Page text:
D.23 Solution of the hydrogen molecule

To find the approximate solution for the hydrogen molecule, the key is to be able to find the expectation energy of the approximate wave functions $a\psi_{\rm {l}}\psi_{\rm {r}}+b\psi_{\rm {r}}\psi_{\rm {l}}$.

First, for given $a$$\raisebox{.5pt}{$/$}$$b$, the individual values of $a$ and $b$ can be computed from the normalization requirement

\begin{displaymath}
a^2+b^2 + 2ab \langle \psi_{\rm {l}} \vert \psi_{\rm {r}} \rangle^2 = 1
\end{displaymath} (D.11)

where the value of the overlap integral $\langle\psi_{\rm {l}}\vert\psi_{\rm {r}}\rangle$ was given in derivation {D.21}.

The inner product

\begin{displaymath}
\langle a\psi_{\rm {l}}\psi_{\rm {r}}+b\psi_{\rm {r}}\psi_...
...\rm {l}}\psi_{\rm {r}}+b\psi_{\rm {r}}\psi_{\rm {l}}\rangle_6
\end{displaymath}

is a six-di­men­sion­al integral, but when multiplied out, a lot of it can be factored into products of three-di­men­sion­al integrals whose values were given in derivation {D.21}. Cleaning up the inner product, and using the normalization condition, you can get:

\begin{displaymath}
\big\langle E\big\rangle = 2 E_1 - {\displaystyle\frac{e^2...
...b\langle\psi_{\rm {l}}\vert\psi_{\rm {r}}\rangle^2 A_2\Biggr]
\end{displaymath}

using the abbreviations

\begin{displaymath}
A_1 = 2\langle\psi_{\rm {l}}\vert r_{\rm {r}}^{-1}\psi_{\r...
...rm {r}}\vert
r_{12}^{-1}\psi_{\rm {l}}\psi_{\rm {r}}\rangle
\end{displaymath}


\begin{displaymath}
A_2 =
{\displaystyle\frac{2\langle\psi_{\rm {l}}\vert r...
...rm {r}}\vert
r_{12}^{-1}\psi_{\rm {l}}\psi_{\rm {r}}\rangle
\end{displaymath}

Values for several of the inner products in these expressions are given in derivation {D.21}. Unfortunately, these involving the distance $r_{12}$ $\vphantom0\raisebox{1.5pt}{$=$}$ $\vert{\skew0\vec r}_1-{\skew0\vec r}_2\vert$ between the electrons cannot be done analytically. And one of the two cannot even be reduced to a three-di­men­sion­al integral, and needs to be done in six dimensions. (It can be reduced to five dimensions, but that introduces a nasty singularity and sticking to six dimensions seems a better idea.) So, it gets really elaborate, because you have to ensure numerical accuracy for singular, high-di­men­sion­al integrals. Still, it can be done with some perseverance.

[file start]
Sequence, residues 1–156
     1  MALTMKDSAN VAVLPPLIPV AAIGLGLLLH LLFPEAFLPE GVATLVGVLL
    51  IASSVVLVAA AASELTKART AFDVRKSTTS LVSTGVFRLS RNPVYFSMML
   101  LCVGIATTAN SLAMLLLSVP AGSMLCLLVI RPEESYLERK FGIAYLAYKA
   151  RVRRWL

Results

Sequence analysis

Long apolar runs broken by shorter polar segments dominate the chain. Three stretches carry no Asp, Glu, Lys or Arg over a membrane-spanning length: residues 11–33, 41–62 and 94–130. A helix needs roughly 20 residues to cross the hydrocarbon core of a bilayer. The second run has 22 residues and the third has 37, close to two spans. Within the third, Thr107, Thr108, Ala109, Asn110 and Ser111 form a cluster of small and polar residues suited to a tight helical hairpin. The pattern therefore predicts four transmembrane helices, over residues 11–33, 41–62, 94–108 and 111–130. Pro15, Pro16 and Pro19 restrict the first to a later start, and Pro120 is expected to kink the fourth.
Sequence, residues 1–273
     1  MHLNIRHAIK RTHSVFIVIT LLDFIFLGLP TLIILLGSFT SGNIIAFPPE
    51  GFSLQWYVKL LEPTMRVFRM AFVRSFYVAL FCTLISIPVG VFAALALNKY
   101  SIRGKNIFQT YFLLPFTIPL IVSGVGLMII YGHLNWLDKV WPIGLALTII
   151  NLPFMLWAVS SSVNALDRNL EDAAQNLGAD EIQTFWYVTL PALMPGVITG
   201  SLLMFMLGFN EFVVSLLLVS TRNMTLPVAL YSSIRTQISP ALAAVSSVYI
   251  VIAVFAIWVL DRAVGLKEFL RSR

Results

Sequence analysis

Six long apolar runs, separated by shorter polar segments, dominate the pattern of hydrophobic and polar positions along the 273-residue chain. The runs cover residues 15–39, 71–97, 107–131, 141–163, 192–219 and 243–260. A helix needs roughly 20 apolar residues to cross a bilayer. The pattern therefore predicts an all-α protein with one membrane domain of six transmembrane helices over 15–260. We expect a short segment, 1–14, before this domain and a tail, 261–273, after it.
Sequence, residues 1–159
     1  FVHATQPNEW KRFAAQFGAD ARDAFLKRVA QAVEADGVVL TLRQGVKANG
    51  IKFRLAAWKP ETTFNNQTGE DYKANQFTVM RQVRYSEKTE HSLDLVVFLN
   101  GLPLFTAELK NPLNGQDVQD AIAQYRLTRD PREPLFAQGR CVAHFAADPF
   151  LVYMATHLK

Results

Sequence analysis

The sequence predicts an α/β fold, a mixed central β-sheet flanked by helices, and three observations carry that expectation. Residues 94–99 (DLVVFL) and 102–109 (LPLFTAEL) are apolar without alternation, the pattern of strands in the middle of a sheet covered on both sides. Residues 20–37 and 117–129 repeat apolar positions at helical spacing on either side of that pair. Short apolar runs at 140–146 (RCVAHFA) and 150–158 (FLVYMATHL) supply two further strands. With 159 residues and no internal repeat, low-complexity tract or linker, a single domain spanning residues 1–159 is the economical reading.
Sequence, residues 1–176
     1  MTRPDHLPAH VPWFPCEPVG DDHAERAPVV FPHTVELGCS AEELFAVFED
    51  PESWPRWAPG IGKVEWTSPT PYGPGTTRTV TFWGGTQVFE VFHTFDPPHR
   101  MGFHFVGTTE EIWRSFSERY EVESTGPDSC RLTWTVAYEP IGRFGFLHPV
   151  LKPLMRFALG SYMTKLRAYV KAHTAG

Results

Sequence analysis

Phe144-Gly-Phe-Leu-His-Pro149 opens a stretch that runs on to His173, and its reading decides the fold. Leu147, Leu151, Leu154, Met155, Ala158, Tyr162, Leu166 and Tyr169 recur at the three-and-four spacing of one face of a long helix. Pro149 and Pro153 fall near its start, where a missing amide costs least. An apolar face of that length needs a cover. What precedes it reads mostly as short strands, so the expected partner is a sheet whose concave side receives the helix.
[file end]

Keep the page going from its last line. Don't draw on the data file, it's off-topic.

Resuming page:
In any case, the basic idea is still to print out expectation energies, easy to obtain or not, and to examine the print-out to see at what values of $a$$\raisebox{.5pt}{$/$}$$b$ and $d$ the energy is minimal. That will be the ground state.

The results are listed in the main text, but here are some more data that may be of interest. At the 1.62 $a_0$ nuclear spacing of the ground state, the antisymmetric state $a$$\raisebox{.5pt}{$/$}$$b$ $\vphantom0\raisebox{1.5pt}{$=$}$ $\vphantom0\raisebox{1.5pt}{$-$}$1 has a positive energy of 7 eV above separate atoms and is therefore unstable.

The nucleus to electron attraction energies are 82 eV for the symmetric state, and 83.2 eV for the antisymmetric state, so the antisymmetric state has the lower potential energy, like in the hydrogen molecular ion case, and unlike what you read in some books. The symmetric state has the lower energy because of lower kinetic energy, not potential energy.

Due to electron cloud merging, for the symmetric state the electron to electron repulsion energy is 3 eV lower than you would get if the electrons were point charges located at the nuclei. For the antisymmetric state, it is 5.8 eV lower.

As a consequence, the antisymmetric state also has less potential energy with respect to these repulsions. Adding it all together, the symmetric state has quite a lot less kinetic energy than the antisymmetric one.